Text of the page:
Years ago, I decided to try out a step class at the gym. I arrived early and scouted out a front-row spot because, by golly, I’m a go-getter. The teacher was so friendly as she introduced herself and welcomed everyone to class. And then the horror began. With music blaring and commands flying, everyone knew the steps but me. When they were already onto the next move, I was struggling to replicate the last move. And I was in the front row. The front row. Everyone could see how much I was struggling, how much I was failing. It was mortifying. With almost a full hour of class remaining ahead of me, I gave up. I gathered my things and slunk out of there through a path of people effortlessly doing all of the moves that I just couldn’t figure out.
No doubt, you’ve had some moment in your life when you felt yourself flailing like I did at step class. You know that feeling — the humiliation, the sense of being underwater, the injury to your confidence.
Some of our beginning readers feel that way, too. But reading is a critical skill, so giving up and slinking out of class isn’t an option for them. Our job is to make it less overwhelming, to throw our kids the support they need to keep their heads above water.
Here are my real life tips for taking some of the tears and terror out of reading.
Try Shared Reading Books
Shared reading books feature two-page spreads with one page to be read by the parent and a more simple page to be read by the child. Usborne offers some fiction shared reading selections in their Very First Reading Collection. In addition to fiction readers, the We Both Read series published by Treasure Bay offers some fantastic nonfiction selections at a variety of levels.
Be an Ally with Buddy Reading
When a child is struggling, opening up a book and seeing all of those words on all of those pages can feel defeating at the outset. Make the task feel smaller by taking turns with buddy reading. The child reads one page, you read the next page, the child reads the next page, and so on. Not only does buddy reading give the child a break, but when a child’s fluency is low, causing reading to be disjointed and jerky, the pages read by the parent can be a big comprehension help.
Find a Furry Audience
Lots of libraries have read-to-a-dog programs these days. When they’re done well and with a minimal audience aside from the dog, they really can be motivating for a child. At my house, we’ve also had success with our Humane Society’s Reading Team program. My kids have “work” shirts, they sign up for shifts, and they wear badges at the shelter that identify them as volunteers. In their orientation, they learned that reading to the shelter pets improves the animals’ socialization level, which makes the animals more adoptable. They take their job very seriously, and the results are real. While it can be a struggle for one of my kids to make it through half of a reader at home with me, the same book might be read twice in its entirety at a Reading Team shift. Win-win-win.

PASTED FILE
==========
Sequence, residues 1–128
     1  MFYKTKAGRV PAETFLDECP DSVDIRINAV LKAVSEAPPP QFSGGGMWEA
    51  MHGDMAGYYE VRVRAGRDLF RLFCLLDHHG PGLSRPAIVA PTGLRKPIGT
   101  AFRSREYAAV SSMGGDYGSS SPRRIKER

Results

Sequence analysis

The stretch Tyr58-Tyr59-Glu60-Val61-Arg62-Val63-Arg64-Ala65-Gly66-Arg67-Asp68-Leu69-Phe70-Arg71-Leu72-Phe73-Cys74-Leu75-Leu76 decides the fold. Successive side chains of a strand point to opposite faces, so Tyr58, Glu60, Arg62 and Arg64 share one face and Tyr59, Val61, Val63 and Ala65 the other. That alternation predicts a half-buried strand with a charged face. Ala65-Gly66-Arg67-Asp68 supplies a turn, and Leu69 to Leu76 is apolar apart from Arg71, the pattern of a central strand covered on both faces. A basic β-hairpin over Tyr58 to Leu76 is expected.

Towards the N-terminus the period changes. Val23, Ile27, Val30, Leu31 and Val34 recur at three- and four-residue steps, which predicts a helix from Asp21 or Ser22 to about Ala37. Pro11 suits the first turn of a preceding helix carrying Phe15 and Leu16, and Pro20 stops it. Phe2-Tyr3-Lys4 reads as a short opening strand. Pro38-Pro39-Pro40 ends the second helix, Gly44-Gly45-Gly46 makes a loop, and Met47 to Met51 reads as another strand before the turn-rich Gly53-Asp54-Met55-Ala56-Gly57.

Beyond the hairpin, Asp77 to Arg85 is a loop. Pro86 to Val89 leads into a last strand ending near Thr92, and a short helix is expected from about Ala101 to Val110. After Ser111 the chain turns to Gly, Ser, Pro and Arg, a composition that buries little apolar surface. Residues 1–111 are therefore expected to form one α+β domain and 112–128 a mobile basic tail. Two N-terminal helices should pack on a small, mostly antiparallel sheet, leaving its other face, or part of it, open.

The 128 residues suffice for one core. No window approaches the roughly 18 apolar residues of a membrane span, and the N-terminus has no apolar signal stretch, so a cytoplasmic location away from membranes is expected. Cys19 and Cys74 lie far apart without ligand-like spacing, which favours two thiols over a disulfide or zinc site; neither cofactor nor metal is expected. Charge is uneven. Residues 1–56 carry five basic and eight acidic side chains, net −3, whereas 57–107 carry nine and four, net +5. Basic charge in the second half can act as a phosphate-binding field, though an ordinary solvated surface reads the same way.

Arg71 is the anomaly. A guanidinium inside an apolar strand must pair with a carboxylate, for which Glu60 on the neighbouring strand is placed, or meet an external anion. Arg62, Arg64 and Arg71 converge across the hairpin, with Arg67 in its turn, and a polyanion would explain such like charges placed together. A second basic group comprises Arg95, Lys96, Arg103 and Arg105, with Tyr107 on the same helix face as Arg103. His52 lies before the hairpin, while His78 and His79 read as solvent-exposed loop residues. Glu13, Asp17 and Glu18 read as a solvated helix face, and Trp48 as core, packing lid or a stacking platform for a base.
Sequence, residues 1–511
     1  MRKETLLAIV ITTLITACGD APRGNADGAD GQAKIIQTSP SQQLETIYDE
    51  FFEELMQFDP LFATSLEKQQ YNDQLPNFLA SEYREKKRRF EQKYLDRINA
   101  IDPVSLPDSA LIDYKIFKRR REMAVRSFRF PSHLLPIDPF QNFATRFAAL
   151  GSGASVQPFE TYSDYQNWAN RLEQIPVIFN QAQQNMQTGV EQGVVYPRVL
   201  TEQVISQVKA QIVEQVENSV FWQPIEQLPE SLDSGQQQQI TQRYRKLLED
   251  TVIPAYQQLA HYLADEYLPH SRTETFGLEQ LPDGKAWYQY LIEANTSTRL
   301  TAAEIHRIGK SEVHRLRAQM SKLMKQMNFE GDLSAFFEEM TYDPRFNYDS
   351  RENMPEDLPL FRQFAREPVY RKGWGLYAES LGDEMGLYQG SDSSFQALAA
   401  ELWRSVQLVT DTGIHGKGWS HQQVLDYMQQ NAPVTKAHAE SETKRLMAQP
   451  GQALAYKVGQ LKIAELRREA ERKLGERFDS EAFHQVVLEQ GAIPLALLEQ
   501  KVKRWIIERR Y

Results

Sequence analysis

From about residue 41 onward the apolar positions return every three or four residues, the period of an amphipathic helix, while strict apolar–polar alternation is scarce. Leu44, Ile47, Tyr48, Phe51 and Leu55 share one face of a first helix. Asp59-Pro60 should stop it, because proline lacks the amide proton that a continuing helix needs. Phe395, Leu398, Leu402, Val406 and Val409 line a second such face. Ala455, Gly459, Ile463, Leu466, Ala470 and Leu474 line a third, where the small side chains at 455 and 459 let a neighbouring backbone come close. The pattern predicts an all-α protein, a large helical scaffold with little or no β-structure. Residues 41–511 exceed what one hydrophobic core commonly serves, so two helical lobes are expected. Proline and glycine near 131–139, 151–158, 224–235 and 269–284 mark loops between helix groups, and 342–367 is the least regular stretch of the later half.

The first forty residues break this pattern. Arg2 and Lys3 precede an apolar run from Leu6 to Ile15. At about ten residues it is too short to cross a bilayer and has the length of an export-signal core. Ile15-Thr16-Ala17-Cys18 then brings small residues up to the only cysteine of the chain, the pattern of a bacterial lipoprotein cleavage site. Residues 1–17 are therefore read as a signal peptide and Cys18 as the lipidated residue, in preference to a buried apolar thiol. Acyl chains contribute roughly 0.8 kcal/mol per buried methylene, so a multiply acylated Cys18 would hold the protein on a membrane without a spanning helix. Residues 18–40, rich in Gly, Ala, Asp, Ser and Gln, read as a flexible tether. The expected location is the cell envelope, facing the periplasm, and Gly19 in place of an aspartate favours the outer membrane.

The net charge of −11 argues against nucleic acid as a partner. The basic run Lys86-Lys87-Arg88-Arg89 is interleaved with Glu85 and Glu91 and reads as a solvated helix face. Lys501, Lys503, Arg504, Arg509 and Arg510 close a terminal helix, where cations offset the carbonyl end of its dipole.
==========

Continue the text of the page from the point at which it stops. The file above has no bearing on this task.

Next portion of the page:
Make Peace with Hitting the Pause Button
When our kids are struggling, we feel a lot of pressure to push, to get them caught up. The thing is, though, that if you’re pushing your child to continue beyond his or her point of frustration or exhaustion, you’re hurting more than you’re helping. It’s okay to be gentle, and it’s okay to push the pause button. Coming back to it hours later (or even the next day) will be much more fruitful.
Lots of Pictures, Lots of Colors
If you have a spread of workbooks in front of you, which one are you most drawn to? One with crowded pages and lots of black and white text or one with lots of colors, pictures, and open (or negative) space that gives your eyes a place to rest? Just about all of us would pick up the colorful choice first, and we’re grownups. Pictures and colors are inviting. For a child who’s struggling, the importance of that can’t be overstated.
Use GRL to Find Appropriate Books
Most books that you find on the early reader shelves at the bookstore or library are labeled with a 1-2-3-4 system, and it’s a system that a lot of us find fairly frustrating and misleading. How many times have you opened up a level 1 reader and wondered, “How in the world is a beginner supposed to know this word?” A system I find to be much more accurate is the GRL system, which uses a wider range of alphabetic leveling. In fact, when I when through our own collection of books and labeled each with a GRL level sticker to help my children find choices that would be accessible to them, I was surprised to find that some of our “Level 1” books were rated at the same GRL as some of our “Level 3” books.
It’s fairly easy to find the GRL of most children’s books via Google search, and the Scholastic website also offers tools for finding a book’s GRL or browsing books by GRL.